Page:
The Foundations of IT Modernization

Mark Porter

Lately, I’ve been thinking a lot about the term “modernization.” It’s a broad term that means different things to different people. To some, modernization means migrating legacy systems to the cloud. To others, it means rewriting applications, containerizing, or embracing microservices architecture. And to others still, modernization is synonymous with an equally amorphous (and ubiquitous) term: digital transformation.

However you define it, modernization is all the rage right now. IDC says these investments are growing at a compound annual growth rate of 15.5%, and will reach $6.8 trillion by 2023. (yeah, trillion, with a ‘t’).

This frenzy of spending on technology, services, and skills is intended to bring aging systems and business processes up to date. In many cases, these investments are urgent and necessary, as companies of all shapes and sizes, in every industry, must accelerate their pace of innovation in order to survive.

But the work of modernization is complex, costly, and technically challenging. It’s like renovating every room in a sprawling estate, while you’re still living in it. It’s hard to even know where to start.

To that end, I can’t help but think about the words of the CIO of a $30 billion insurance company who had already been on a modernization journey for years. He said: “We tried everything to accelerate innovation...but, in the end, it was our data platform that was holding us back.”

In other words, they were spending millions to fix up their estate, adding radiant heat, smart speakers, and a state-of-the-art home theater. But they were building on top of foundations that were first poured when disco was new. (I’m looking at you, relational databases, first conceived and implemented in the 1970s).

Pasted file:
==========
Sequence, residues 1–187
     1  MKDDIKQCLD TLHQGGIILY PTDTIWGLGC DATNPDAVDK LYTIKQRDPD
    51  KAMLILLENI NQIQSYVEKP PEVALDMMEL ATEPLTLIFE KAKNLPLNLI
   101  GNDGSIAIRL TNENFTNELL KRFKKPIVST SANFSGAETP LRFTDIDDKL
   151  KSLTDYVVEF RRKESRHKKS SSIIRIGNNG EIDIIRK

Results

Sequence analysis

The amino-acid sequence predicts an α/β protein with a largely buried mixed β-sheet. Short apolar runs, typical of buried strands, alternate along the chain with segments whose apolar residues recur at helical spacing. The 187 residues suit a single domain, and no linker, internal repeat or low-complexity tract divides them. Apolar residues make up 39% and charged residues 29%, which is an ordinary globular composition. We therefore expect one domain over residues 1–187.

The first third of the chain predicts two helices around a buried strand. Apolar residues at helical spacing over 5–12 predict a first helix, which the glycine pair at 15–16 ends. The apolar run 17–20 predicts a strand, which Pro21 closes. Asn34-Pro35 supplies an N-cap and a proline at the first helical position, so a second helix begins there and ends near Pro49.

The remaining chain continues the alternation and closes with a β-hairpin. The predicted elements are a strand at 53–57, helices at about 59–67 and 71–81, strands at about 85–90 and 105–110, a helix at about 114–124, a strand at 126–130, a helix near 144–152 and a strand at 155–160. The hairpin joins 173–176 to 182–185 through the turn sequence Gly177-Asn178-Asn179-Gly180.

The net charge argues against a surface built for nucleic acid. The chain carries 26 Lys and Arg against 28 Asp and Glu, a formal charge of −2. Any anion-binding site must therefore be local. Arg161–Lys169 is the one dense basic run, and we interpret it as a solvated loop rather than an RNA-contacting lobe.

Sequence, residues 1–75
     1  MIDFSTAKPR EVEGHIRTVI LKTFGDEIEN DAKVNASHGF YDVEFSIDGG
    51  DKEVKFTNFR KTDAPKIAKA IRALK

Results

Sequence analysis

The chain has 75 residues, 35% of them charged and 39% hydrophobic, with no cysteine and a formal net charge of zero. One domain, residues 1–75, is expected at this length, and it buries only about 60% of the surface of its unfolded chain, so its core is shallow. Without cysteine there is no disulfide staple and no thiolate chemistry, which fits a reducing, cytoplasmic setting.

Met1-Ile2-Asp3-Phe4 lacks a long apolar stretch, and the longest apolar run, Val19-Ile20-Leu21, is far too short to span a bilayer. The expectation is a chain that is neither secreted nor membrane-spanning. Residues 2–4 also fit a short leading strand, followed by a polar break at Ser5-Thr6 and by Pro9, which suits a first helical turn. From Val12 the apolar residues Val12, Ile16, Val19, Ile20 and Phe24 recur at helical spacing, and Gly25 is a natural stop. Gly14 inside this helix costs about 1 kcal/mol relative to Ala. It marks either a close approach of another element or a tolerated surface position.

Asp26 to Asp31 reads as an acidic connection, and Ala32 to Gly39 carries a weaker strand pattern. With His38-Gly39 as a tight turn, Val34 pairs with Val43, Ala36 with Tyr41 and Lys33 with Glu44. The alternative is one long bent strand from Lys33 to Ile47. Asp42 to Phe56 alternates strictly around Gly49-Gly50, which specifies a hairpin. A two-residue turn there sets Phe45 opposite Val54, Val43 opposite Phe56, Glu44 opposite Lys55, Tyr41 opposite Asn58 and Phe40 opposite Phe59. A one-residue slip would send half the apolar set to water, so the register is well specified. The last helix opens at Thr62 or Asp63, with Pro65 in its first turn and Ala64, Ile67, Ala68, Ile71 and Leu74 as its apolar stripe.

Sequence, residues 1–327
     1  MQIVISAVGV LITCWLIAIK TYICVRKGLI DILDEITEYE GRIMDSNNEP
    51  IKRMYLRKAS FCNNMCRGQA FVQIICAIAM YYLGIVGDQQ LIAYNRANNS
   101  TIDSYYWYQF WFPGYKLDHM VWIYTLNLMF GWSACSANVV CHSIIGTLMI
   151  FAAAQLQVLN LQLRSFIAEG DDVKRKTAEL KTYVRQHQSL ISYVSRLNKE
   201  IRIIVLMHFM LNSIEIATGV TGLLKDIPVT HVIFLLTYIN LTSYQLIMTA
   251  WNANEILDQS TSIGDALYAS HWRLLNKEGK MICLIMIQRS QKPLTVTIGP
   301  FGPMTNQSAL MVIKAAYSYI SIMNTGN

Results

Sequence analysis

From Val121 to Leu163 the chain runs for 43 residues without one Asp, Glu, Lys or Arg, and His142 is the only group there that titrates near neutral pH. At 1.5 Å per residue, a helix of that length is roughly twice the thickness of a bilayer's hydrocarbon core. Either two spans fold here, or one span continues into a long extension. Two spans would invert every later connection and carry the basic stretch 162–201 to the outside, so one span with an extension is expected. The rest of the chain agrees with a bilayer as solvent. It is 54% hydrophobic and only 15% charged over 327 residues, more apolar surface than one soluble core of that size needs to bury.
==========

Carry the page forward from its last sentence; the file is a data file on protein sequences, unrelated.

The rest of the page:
In the digital economy, companies succeed or fail based on how fast they innovate. More often than not, that innovation takes the form of software and services, which in turn create value by storing, manipulating, and querying data. And what do you use to store, manipulate, and query all that data? Your developer data platform.

Years ago, that just meant ‘database with some scripts around it.’ Those days are gone. Now, MongoDB Atlas has to supply speed, governance, security, availability, and more.

So let’s get back my modernization metaphor. You can’t build new solid things on top of creaky, unstable, old things. We all know the old things I’m talking about; databases that make you structure your data in a way that isn’t natural, languages written to be so precise to the computer that they are inscrutable to developers, ‘roach motel’ storage systems that don’t store things in modern, open formats.

So if you want to modernize your infrastructure, or modernize your applications, or modernize the way you build software, shouldn’t you first modernize your data platform?

Sure, it’s hard to renovate your house. But this is where you live. And if you want that house to last, make sure it’s built on solid foundations.

What does that mean? It means that it’s not enough to design and build the right apps. If you want to be truly modern, look at how you input and output your data, how you query, manipulate, and store it, and how you program against it. Get those things right, and you dramatically increase your pace of innovation.

No matter where you are in your own modernization journey, it’s not too late to do this. Don’t believe it? Hit me back on Twitter at @MarkLovesTech and I’ll show you how.